Lidia’s Italy in America
What could be better than traveling the country from coast to coast to visit Italian American communities and learn about the foods they make and the history behind them? Lidia Bastianich has done this and it’s the subject of her new book, Lidia’s Italy in America.
For those who are not familiar with this Matron of Italian Cooking, Lidia Bastianich is a restaurateur, TV chef, and author. Along with her son Joseph Bastianich and Mario Batali, she co-owns the phenomenon known as Eataly, a large Italian market and lifestyle store in New York City. She is also a partner in restaurants in New York and throughout the United States, including Del Posto and Becco, and she founded Felidia, a New York Times 3-star restaurant that has been open since 1981.
Lidia understands the Italian-American immigrant experience because she lived it herself. She arrived with her family in the U.S. from Trieste, Italy in 1958. In Lidia’s Italy in America she explores Italian settlements and Little Italys across America, all with their own food traditions. From the North End in Boston to Mulberry Street and Arthur Avenue in New York to North Beach in San Fransisco, depending on where they came from in Italy and the local ingredients available to them, these Italians built on and modified traditional Italian recipes to create dishes that defined the new Italian American cuisine.
The history of the food is fascinating. Whether its Rainbow Cookies or Philly Cheesesteak, there’s a story behind every dish and how it has evolved. There are interesting tidbits of information scattered throughout Lidia’s Italy in America. For example, she devotes a few page to the story of pizza and the differences in the way it’s made in different parts of Italy. In Naples, generally acknowledge as its birthplace, pizza has a “puffy, well-baked cornice and a juicier, wetter center…” In Rome the crusts are thinner and in Sicily the pizza is thicker. Then she explains how those differences resulted in the pizza we know now. She writes, “Sicilians must have been responsible for the Chicago-style pizza, in which sfincione is transformed into deep-dish pizza baked with mounds of toppings.”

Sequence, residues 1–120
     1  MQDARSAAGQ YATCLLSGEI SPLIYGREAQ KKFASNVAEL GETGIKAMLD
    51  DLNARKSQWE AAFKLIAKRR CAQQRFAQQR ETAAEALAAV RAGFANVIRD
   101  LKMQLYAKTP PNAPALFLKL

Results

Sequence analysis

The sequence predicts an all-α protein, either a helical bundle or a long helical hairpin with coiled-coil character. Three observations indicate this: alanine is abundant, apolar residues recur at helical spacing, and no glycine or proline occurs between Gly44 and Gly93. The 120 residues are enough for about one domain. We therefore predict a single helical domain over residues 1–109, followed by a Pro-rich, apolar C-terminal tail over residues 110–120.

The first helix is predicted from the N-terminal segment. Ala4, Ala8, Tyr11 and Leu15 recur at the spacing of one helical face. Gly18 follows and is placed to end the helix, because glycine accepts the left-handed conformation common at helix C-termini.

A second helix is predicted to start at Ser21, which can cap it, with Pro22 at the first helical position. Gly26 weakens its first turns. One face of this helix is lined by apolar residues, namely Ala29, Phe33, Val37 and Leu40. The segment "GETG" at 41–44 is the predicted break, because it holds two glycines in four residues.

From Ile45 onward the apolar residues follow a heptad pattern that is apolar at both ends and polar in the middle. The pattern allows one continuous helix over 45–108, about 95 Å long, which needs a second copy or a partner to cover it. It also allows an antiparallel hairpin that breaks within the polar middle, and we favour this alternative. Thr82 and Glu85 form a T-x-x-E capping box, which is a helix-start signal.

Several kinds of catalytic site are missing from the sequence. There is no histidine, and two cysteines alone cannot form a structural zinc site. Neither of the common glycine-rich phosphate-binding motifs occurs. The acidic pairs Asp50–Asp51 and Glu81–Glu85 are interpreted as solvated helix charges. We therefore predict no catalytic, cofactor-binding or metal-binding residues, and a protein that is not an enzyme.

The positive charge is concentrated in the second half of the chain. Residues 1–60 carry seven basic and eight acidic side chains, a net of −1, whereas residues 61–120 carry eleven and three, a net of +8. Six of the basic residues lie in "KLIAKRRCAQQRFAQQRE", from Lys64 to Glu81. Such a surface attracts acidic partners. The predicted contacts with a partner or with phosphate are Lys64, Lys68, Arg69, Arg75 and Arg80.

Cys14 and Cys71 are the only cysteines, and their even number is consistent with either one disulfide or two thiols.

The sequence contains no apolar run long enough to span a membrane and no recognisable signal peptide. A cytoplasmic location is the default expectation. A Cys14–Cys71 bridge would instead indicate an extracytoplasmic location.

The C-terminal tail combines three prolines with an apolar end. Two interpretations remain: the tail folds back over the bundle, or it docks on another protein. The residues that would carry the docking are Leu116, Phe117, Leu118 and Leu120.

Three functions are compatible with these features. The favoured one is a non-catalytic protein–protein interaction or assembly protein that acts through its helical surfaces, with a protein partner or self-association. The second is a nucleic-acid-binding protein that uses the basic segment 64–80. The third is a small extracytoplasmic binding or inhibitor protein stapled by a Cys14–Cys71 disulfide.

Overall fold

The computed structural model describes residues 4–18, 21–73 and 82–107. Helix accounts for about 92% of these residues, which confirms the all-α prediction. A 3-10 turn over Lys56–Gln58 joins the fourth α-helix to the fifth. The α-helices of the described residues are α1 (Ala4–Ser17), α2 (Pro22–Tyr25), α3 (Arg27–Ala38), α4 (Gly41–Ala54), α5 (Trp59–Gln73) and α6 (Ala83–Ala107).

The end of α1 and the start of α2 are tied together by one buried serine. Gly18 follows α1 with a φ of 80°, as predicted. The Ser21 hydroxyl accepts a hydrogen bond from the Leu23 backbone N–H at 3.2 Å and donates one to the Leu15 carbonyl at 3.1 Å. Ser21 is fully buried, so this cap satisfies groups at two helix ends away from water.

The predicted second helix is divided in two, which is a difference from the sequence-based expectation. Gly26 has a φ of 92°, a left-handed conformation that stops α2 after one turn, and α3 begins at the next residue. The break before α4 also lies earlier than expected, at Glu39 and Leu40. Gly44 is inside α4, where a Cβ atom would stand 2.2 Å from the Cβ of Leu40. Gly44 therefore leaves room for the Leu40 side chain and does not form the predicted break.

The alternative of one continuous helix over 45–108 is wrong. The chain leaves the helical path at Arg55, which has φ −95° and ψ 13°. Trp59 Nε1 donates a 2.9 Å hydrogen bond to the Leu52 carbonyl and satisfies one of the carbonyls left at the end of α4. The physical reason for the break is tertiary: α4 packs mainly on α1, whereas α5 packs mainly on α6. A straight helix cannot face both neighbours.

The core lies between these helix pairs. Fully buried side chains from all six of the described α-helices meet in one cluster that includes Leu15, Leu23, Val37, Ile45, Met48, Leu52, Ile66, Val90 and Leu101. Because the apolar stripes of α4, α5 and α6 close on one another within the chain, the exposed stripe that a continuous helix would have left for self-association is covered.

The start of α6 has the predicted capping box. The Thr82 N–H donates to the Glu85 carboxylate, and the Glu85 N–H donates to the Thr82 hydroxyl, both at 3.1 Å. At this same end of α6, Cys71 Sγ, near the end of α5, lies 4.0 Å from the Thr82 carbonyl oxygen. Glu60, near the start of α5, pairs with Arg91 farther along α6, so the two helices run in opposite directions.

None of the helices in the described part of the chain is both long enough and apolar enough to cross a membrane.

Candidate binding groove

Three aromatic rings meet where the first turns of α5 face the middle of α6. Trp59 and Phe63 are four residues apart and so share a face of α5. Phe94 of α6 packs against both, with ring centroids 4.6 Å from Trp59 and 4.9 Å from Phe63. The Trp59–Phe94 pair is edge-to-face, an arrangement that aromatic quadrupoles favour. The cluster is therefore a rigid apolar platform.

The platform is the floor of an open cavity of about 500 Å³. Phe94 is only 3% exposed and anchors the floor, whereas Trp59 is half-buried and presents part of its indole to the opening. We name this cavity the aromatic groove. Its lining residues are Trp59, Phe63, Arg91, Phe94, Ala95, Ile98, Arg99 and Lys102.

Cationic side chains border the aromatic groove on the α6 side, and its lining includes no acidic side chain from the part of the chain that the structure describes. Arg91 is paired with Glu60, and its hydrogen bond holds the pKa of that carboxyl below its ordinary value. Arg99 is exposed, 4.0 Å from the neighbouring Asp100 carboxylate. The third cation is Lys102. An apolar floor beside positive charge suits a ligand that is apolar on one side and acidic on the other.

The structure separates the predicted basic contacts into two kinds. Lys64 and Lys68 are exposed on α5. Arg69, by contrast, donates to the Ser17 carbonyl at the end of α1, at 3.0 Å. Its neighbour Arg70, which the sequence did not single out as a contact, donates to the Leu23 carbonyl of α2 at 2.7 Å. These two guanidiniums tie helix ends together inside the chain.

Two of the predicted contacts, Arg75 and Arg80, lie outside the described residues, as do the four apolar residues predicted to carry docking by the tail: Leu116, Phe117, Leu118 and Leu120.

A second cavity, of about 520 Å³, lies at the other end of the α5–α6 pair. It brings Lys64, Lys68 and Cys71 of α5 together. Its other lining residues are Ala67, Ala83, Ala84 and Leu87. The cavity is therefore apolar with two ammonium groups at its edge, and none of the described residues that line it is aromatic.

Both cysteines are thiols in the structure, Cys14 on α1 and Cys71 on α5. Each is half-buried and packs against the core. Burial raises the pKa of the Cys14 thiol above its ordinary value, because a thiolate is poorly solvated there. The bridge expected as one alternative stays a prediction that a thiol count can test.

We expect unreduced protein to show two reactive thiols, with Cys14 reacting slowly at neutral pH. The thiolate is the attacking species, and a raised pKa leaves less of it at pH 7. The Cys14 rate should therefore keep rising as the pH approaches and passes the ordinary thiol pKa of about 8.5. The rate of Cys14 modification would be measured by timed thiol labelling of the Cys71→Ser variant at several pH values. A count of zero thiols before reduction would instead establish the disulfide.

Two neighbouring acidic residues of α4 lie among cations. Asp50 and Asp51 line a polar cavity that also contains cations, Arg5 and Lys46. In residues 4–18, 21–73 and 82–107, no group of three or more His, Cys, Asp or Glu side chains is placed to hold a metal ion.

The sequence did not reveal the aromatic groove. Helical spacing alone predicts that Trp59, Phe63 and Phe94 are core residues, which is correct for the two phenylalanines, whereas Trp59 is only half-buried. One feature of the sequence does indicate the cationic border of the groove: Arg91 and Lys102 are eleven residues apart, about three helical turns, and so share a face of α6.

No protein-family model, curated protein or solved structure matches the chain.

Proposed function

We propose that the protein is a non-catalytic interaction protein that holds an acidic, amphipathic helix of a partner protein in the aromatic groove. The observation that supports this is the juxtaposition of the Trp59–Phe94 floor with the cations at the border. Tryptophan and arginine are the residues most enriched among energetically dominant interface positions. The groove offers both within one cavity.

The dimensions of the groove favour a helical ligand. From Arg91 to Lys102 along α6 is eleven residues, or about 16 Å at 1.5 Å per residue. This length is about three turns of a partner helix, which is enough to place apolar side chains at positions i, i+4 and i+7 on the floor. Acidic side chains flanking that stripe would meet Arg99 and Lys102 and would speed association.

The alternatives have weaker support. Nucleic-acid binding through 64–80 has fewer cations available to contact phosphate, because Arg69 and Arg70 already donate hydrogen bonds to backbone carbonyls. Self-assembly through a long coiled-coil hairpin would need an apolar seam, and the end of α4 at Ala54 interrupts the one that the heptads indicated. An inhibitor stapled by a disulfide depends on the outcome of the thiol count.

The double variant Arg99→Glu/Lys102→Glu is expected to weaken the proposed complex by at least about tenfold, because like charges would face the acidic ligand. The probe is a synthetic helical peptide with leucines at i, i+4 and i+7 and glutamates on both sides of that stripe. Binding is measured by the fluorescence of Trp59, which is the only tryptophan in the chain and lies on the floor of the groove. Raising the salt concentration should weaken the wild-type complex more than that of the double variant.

Lidia illustrates throughout Lidia’s Italy in America how Italians made many substitutions to create the new Italian American cuisine when they were unable to find—or to find adequate—ingredients that they used in Italy. In speaking to that, I was delighted to find that she substituted kale for escarole in her Escarole and White Bean Soup, as kale is much more readily available (and less expensive!) here in the states. As far as having an abundance of classic Italian ingredients, it’s heartwarming to know that the Italians who settled in California have not only planted wine vineyards, but also planted fields of broccoli rabe and artichokes, as well as other Italian favorites as the climate and geography of California is very similar to Italy’s.
Lidia’s Italy in America is an easy read and the recipes are just as easy to make. There are both authentic Italian recipes and Italian American recipes and throughout the book she provides all the dishes that comprise a full-course Italian meal or just lighter fare. There are hot and cold antipasti recipes, such as Fried Mozzarella Skewers and Celery, Artichoke and Mortadella Salad. Then there are Zuppa, Sandwich and Panini recipes, such as Roman “Egg Drop” Soup and Salumerio Panino. Salads include the classic Ceasar Salad and others, such as Tomato and Bread Salad.
Then, of course, there is a large selection of pasta dishes, including Fettucini Alfredo and Linguine with Red Clam Sauce. The side dishes she’s included rely on fresh produce as the starting point and include Skillet Cauliflower Torrisi and Sautéed Escarole. For the main course, she’s included many popular seafood and meat dishes, including Shrimp Scampi, Lobster Fra Diavolo, Chicken Parmigiana and Veal Saltimbocca.
The dessert recipes in Lidia’s Italy in America are also a treasure trove of Italian American favorites. These include Rainbow Cookies, St. Joseph’s Fig Cookies, Italian Cheesecake, Spumoni and Limoncello.
The stories behind the recipes add a richness that makes this more than merely a cookbook. Italian Americans and lovers of Italian and Italian American food will enjoy learning about the people that have made it what it is, and still do. The photos that accompany the book are equally charming because they show not only the food but snapshots of Lidia’s travels throughout Italian America.
Enjoy the trip. I did.